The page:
Assuntos
Anti-Helmínticos , Glutamatos , Helmintíase , Helmintos , Compostos de Mostarda Nitrogenada , Criança , Animais , Humanos , Helmintíase/tratamento farmacológico , Helmintíase/prevenção & controle , Helmintíase/parasitologia , Administração Massiva de Medicamentos/métodos , Anti-Helmínticos/uso terapêutico , Solo/parasitologia
14.
PeerJ ; 12: e16820, 2024.
Artigo em Inglês | MEDLINE | ID: mdl-38288465

RESUMO

Background: Diversity in clinical signs and symptoms are associated with soil transmitted diseases (STD), which are spread to humans by intestinal worms and transmitted in a variety of ways. There is a need for the present study, which aimed to investigate the prevalence of intestinal parasites and to compare between the common detection techniques for soil-transmitted helminths (STHs) among newly arrived expatriate labors in Jeddah, Saudi Arabia. Methods: A total of 188 stool samples were analyzed by macroscopic examination, and microscopic examination using direct iodine smear and the formal ether sedimentation technique. Trichrome and modified Kinyoun's stains were used to confirm the morphology of any detected protozoa stages and oocyst of Cryptosporidium, respectively. A chromatographic immunoassay kit was used for Entamoeba histolytica, Giardia lamblia and Cryptosporidium. In addition, real-time PCR was employed only to identify various STHs. Results: Out of 188, several types of parasites were detected in 35 samples (18.62%), of which some with multiple infections. Nine samples (4.79%) were positive for Entamoeba coli, seven samples (3.72%) for Trichuris trichiura, six samples (3.19%) for Necator americanus, four samples (2.13%) for Strongyloides stercoralis, four samples (2.13%) for Ascaris lumbricoides, four samples (2.13%) for E. histolytica, three samples (1.60%) for Blastocystis hominis and two samples (1.06%) for Ancylostoma duodenale. In comparison between laboratory techniques for STHs, real-time PCR was able to detect the DNA of 19 samples (10.1%) followed by Ritchie sedimentation technique (18, 9.6%), and direct smear (7, 3.7%) (p > 0.05). Conclusion: The high rate of newly arrived foreign workers infected with intestinal parasites could lead to a risk to society. Continuous and regular surveys are needed to deal with the occurrence of intestinal parasitic infections including STHs. To improve the identification of these infections, we recommend a supporting infrastructure for the application of concentration methods and molecular assays.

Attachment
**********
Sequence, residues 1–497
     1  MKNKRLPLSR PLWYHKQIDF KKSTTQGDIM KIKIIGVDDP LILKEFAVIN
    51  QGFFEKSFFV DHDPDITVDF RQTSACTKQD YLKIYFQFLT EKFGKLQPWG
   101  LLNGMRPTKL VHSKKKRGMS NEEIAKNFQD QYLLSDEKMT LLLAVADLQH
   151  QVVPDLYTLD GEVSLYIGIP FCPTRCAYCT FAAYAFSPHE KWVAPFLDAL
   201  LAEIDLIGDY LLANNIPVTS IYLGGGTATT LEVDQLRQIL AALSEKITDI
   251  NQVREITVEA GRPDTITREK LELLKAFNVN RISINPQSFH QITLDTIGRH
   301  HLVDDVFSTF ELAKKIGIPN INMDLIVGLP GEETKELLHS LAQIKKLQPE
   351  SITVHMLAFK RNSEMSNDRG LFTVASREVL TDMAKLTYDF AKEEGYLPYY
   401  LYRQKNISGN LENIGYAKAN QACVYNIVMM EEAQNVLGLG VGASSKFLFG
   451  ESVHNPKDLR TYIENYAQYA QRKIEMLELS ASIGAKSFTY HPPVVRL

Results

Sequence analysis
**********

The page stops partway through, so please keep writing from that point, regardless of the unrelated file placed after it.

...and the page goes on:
Assuntos
Criptosporidiose , Cryptosporidium , Helmintos , Parasitos , Humanos , Animais , Parasitos/genética , Solo/parasitologia , Prevalência , Arábia Saudita/epidemiologia
15.
Acta Trop ; 251: 107119, 2024 Mar.
Artigo em Inglês | MEDLINE | ID: mdl-38195005

RESUMO